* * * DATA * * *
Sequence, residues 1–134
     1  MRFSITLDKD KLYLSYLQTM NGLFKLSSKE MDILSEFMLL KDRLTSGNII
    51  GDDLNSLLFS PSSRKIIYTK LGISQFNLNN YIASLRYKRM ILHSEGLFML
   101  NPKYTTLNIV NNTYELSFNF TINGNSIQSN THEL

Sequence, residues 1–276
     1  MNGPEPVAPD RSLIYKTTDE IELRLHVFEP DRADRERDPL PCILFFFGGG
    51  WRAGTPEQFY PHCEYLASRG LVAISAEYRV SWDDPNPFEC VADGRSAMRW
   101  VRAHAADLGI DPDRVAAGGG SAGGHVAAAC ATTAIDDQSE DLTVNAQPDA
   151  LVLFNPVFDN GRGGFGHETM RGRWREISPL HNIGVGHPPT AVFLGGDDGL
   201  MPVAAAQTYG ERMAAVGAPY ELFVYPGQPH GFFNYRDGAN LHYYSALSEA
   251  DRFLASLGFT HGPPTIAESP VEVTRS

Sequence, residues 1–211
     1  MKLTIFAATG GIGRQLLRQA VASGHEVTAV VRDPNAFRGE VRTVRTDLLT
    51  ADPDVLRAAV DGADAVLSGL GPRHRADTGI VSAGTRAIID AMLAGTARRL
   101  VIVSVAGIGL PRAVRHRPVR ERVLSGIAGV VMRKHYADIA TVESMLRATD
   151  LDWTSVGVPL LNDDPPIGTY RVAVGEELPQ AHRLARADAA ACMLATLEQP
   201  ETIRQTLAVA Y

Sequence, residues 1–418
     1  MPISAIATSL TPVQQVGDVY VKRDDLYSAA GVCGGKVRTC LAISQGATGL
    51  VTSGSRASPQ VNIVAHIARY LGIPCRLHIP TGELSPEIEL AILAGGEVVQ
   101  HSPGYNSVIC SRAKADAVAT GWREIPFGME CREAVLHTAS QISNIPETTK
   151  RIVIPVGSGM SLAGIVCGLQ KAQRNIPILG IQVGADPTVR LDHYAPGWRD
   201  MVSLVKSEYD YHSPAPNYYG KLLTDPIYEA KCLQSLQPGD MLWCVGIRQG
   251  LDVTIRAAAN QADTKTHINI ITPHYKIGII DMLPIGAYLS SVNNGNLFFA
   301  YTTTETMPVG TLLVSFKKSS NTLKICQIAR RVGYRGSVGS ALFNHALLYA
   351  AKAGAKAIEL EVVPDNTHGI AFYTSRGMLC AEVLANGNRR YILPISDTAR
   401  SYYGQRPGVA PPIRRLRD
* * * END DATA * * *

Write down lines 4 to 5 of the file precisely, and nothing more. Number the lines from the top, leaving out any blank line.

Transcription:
   101  NPKYTTLNIV NNTYELSFNF TINGNSIQSN THEL

Sequence, residues 1–276